By the end of your reading and our in-class discussion, you should be able to meet the following objectives:
- Define sexual orientation, heterosexuality, homosexuality, asexuality, bisexuality, and pansexuality.
- Explain what scientists mean when they say “sexual orientation is not binary.”
- Defend, using examples, the statement: “homosexuality is widespread in nature.”
- Cite evidence for a genetic basis of homosexuality, as well as evidence that homosexuality is environmentally influenced.
- Explain why some biologists call homosexuality “an evolutionary problem.”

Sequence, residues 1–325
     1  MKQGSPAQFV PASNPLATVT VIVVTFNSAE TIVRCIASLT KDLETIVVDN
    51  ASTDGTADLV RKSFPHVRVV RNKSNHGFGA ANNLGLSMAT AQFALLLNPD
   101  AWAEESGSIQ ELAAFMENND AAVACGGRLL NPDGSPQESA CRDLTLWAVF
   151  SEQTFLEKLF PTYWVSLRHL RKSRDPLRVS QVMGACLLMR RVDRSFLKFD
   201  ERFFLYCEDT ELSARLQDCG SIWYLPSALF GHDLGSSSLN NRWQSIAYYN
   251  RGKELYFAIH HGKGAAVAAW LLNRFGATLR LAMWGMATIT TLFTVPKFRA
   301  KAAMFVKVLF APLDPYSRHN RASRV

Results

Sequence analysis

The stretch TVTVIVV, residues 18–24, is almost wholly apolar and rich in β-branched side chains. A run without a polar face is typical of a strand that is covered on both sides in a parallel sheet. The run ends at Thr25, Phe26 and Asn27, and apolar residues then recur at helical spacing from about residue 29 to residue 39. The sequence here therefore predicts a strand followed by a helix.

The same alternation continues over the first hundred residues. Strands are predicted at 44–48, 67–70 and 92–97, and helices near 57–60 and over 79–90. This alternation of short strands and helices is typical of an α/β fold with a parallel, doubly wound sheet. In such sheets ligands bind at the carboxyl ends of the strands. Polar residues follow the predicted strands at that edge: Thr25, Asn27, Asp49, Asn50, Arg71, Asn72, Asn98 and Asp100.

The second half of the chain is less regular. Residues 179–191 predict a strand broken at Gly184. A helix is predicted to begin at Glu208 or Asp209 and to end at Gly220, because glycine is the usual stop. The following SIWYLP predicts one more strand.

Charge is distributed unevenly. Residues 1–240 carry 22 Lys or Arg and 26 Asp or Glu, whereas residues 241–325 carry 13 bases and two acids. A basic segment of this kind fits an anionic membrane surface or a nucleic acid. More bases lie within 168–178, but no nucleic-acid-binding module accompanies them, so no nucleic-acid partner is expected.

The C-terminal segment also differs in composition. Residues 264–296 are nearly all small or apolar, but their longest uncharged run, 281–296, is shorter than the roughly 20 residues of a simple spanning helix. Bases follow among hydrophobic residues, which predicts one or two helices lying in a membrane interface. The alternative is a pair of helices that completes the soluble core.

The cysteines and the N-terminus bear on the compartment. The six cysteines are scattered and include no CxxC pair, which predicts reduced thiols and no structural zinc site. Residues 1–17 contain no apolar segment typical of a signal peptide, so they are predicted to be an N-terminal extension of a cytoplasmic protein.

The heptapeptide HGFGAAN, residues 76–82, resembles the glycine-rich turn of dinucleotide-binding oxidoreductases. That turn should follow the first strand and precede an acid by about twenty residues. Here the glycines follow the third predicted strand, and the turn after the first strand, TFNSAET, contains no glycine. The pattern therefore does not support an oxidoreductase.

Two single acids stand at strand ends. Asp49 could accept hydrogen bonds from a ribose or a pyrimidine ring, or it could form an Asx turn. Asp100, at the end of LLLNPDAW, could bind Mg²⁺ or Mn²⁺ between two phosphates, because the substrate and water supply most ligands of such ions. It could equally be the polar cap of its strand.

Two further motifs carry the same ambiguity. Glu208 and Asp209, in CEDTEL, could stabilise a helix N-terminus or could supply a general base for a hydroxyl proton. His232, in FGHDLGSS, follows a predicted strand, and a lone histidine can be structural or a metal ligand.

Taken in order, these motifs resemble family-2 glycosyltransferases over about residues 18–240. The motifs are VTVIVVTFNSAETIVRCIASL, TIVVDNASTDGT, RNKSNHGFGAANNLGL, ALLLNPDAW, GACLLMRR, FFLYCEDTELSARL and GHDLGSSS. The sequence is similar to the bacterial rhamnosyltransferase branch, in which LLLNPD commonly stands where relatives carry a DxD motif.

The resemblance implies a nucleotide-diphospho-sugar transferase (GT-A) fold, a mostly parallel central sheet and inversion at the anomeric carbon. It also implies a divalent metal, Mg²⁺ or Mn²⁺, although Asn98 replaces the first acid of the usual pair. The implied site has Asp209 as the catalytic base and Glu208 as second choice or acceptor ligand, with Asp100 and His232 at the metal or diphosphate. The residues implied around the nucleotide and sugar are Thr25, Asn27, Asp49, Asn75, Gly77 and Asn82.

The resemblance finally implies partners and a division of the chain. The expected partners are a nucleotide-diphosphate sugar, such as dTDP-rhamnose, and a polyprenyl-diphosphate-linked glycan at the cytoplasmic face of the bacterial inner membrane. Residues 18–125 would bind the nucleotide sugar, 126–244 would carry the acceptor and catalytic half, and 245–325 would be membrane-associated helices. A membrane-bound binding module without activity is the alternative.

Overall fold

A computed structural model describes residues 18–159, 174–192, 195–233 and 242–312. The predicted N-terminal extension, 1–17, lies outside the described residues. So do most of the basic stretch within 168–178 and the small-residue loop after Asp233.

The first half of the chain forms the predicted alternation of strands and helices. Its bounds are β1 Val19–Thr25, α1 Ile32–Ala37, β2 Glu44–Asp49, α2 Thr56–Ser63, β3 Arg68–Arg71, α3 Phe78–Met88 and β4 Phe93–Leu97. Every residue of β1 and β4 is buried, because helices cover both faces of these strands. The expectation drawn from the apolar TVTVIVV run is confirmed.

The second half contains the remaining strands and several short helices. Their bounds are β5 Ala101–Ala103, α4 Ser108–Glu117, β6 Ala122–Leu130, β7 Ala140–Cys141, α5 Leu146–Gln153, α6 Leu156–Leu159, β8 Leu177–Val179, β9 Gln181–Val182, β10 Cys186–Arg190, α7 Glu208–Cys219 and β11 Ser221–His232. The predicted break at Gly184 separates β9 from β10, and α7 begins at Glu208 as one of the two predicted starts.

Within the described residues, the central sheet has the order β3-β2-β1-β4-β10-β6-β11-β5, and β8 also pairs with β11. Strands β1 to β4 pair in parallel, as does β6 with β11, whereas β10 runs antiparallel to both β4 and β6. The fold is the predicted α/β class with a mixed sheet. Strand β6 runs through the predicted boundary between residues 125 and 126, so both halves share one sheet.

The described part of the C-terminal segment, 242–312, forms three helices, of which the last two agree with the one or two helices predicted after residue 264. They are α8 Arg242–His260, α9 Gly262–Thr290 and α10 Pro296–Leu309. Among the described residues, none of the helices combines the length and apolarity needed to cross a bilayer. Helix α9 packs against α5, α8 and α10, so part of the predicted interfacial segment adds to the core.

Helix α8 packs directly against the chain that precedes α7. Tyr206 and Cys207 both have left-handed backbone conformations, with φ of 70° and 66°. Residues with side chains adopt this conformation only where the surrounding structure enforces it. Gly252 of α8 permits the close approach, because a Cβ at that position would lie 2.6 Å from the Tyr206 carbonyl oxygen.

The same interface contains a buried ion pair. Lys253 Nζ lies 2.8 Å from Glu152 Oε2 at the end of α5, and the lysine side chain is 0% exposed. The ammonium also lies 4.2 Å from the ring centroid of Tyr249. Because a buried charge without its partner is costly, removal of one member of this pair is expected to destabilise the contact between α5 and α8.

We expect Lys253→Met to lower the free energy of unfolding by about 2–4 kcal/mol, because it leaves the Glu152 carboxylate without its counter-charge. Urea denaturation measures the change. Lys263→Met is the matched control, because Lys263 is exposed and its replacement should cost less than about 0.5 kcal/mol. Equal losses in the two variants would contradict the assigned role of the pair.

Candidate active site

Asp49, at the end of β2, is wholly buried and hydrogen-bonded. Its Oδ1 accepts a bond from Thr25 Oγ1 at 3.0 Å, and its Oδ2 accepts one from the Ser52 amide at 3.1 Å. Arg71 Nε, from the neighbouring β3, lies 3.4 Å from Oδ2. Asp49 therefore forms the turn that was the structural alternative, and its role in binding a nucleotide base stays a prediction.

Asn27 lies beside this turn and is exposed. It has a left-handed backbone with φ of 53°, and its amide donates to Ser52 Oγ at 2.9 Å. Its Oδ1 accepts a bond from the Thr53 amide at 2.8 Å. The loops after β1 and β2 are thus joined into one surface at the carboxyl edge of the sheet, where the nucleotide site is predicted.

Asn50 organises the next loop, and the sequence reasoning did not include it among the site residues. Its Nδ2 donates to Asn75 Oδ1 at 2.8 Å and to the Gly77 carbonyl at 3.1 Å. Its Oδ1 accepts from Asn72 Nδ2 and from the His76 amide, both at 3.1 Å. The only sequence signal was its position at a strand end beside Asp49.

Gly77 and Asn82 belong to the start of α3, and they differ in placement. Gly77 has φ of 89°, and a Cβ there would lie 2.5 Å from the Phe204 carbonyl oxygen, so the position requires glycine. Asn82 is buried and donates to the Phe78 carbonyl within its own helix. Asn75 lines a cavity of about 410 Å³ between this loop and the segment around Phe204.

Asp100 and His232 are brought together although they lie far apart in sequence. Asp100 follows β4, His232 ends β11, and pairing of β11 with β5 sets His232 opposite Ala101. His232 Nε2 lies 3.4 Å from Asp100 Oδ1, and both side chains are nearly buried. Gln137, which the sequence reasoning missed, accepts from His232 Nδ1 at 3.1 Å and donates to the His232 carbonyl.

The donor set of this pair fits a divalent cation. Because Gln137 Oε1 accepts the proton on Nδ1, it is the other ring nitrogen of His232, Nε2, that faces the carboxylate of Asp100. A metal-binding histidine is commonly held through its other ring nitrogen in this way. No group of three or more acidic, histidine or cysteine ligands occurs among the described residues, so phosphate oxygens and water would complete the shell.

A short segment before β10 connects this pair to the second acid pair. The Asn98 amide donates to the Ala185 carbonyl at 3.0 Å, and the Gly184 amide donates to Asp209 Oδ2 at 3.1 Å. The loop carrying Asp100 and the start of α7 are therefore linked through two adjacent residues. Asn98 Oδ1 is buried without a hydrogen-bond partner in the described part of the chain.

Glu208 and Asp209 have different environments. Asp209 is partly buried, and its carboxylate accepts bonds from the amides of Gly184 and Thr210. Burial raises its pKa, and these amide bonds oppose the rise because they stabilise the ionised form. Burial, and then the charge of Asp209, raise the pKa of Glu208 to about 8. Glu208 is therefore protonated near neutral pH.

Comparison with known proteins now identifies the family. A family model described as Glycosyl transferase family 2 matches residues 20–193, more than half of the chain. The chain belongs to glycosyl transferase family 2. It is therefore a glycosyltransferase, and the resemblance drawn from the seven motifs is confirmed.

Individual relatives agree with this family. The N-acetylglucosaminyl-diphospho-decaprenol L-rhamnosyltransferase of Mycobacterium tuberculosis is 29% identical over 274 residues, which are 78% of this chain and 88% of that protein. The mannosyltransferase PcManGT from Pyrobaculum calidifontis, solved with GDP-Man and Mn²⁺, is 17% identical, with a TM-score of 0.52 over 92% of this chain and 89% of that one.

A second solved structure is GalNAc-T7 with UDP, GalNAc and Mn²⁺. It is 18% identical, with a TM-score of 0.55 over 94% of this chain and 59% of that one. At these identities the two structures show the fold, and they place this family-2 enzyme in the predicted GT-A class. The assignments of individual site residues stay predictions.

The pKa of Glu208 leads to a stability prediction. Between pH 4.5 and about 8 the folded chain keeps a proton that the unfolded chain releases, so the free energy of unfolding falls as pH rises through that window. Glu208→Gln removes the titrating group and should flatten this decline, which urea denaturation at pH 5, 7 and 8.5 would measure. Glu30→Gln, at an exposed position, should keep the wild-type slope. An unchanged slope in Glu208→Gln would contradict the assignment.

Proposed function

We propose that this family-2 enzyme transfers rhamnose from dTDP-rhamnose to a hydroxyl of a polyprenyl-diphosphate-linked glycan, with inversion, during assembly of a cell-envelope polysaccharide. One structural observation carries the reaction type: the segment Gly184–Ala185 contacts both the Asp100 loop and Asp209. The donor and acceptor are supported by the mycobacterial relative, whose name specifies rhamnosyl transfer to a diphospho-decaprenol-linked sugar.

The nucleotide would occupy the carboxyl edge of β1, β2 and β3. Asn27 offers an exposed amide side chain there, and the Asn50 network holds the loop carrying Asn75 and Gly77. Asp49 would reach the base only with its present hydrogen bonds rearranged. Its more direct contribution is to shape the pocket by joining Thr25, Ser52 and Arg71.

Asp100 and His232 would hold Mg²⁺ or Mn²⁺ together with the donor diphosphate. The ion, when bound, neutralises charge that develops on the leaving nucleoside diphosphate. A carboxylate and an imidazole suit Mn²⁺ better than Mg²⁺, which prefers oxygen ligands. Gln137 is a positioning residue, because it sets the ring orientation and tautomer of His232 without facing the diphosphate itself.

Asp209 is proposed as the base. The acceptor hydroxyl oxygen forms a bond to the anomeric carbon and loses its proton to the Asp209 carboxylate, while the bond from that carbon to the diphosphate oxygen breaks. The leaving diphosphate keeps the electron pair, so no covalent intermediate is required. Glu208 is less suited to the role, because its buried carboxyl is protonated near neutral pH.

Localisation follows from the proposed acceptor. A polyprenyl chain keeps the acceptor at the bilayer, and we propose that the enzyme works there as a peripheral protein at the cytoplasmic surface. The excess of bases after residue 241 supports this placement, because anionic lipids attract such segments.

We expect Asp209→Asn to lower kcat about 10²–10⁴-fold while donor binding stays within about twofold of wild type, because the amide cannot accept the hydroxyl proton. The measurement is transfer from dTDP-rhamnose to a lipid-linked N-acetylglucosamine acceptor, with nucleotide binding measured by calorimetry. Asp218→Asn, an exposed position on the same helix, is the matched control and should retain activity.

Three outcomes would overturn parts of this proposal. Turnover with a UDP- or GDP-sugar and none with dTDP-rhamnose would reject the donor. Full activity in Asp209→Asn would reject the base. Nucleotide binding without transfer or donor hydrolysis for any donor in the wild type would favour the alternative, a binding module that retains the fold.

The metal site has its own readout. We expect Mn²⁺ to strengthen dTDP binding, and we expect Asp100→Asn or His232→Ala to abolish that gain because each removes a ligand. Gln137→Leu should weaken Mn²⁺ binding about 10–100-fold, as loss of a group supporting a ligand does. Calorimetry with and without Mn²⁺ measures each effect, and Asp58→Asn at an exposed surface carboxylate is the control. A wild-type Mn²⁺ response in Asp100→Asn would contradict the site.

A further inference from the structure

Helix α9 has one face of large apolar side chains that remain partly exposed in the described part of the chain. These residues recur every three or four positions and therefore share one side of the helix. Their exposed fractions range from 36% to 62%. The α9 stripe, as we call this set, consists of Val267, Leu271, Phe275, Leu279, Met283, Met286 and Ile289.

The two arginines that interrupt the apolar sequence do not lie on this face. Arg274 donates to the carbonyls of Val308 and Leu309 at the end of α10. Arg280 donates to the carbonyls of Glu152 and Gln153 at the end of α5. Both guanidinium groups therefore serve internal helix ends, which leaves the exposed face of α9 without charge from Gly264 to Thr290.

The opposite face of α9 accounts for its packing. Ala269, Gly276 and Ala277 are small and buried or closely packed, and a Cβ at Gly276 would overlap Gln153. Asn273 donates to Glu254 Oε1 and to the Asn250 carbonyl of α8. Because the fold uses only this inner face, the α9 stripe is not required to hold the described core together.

- Explain why many biologists think that homosexuality is an adaptation that has been selected forg. describe a few of the hypotheses for the evolution of homosexuality.
- Explain how homophobia could be an adaptation (how could homophobia increase an individual’s fitness?)
In the following discussion, our goals are for you to:
- Realize that sexual orientation governs many observable natural phenomena, that themselves can be studied scientifically.
- Understand that homosexuality is widespread in nature – in human and non-human animals.
- Realize that homosexuality and homophobia may have arisen as a result of natural selection.
- Appreciate that our understanding of same-sex sexual preferences is part of an emerging field of study, thus, many of the scientific studies we will mention are relatively recent and, like all science, subject to revision